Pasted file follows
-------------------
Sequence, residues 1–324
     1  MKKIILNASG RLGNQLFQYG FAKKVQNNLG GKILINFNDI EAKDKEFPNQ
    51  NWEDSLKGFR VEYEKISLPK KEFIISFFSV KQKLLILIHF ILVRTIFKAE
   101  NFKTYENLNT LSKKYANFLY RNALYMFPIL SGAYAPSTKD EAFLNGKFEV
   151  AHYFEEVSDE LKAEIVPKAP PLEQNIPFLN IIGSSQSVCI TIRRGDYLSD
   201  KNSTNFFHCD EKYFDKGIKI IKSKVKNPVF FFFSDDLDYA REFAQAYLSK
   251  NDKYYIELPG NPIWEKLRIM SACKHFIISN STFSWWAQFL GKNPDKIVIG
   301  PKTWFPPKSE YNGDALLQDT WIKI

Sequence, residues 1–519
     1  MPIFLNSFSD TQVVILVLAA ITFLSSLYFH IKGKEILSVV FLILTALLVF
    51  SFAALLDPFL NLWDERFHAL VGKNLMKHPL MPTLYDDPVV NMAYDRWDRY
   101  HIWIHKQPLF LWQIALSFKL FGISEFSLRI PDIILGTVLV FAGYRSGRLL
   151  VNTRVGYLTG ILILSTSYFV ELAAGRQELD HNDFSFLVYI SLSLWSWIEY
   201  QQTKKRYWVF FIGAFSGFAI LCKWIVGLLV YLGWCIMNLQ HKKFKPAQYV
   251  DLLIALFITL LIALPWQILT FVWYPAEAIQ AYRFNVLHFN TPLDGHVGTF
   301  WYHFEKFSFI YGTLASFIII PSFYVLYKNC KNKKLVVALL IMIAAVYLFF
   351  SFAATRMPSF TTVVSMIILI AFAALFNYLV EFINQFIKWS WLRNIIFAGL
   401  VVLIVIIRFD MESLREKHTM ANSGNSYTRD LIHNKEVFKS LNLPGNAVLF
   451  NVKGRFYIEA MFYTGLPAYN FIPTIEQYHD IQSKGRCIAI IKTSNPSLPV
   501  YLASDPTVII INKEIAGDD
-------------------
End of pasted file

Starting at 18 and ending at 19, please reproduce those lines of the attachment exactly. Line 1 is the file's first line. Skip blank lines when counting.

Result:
   401  VVLIVIIRFD MESLREKHTM ANSGNSYTRD LIHNKEVFKS LNLPGNAVLF
   451  NVKGRFYIEA MFYTGLPAYN FIPTIEQYHD IQSKGRCIAI IKTSNPSLPV